• There are places in the world that are poly-ethnic. A map of SE Asia doesn’t give the real picture. Draw a big circle which takes in northern Thailand, northern Burma. NE India, southern China, Laos and Northern Vietnam, then you have a place which some anthropologists call the Zomia highland. This is an area ethnically diverse where the idea of a nation state does not fit.

  • Maurice Leeke 7th Aug '20 - 8:42am

    Surely, as Jonathan Fryer says, we should acknowledge and accept different languages rather than impose a common language as I think Joe Otten implies ?

  • Nasser Butt 7th Aug '20 - 10:13am

    David Pocock – I found your opening comment attacking the Ottomons on the basis of the photo rather meaningless as the accusations you put are rather unclever as this is true of British and any other Empire in the history of mankind. You also show lack of understanding of “tax” attributed to citizens in their borders. Prehaps Multiculturism is not for you.

  • richard underhill 7th Aug '20 - 11:04am

    Joe Otten 6th Aug ’20 – 5:21pm
    In the Ottoman Empire in Europe there were tax advantages for one religion over another which was intended to cause religious conversion and did. Muslims in the former Yugoslavia thus became an ethnic group. One claimed in her asylum claim that it was part of her identity to drink alcohol and wear mini-skirts, but that she was being persecuted by a religious leader who spoke against both those things.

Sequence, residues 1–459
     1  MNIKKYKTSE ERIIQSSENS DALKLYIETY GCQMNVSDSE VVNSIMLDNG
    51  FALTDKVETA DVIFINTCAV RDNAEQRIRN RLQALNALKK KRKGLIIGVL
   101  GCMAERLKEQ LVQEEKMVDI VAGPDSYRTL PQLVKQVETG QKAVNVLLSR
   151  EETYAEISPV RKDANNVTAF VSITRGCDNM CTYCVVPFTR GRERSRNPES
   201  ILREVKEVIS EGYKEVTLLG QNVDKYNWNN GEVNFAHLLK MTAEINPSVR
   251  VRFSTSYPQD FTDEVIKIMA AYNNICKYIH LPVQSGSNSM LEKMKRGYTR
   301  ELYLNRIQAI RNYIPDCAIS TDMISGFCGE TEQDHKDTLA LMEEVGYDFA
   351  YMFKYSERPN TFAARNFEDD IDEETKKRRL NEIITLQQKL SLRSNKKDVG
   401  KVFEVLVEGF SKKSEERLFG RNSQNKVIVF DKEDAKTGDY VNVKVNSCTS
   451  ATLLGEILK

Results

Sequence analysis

After Mussolini invaded Greece to expand Italy’s possessions, the Germans tried to help. driving straight through Croatia, but were shocked by the casual (undocumented) way that people were being thrown into the river. Downstream Serbs thought that the victims were their compatriots, which inflamed Serbian-Croatian relationships in a way that has lasted long term.
    This is not about skin colour (the same) or language (the same) but only about religious denominations (both nominally Christian, some Orthodox some Roman Catholic).

  • David Evans 7th Aug '20 - 11:14am

    Maurice – I don’t agree. Would you be happy to accept the consequence that people who have lived here for years, cannot converse with or even understand a policeman or medical staff in an emergency? A community needs a common means of communication and letting that go has adverse repercussions.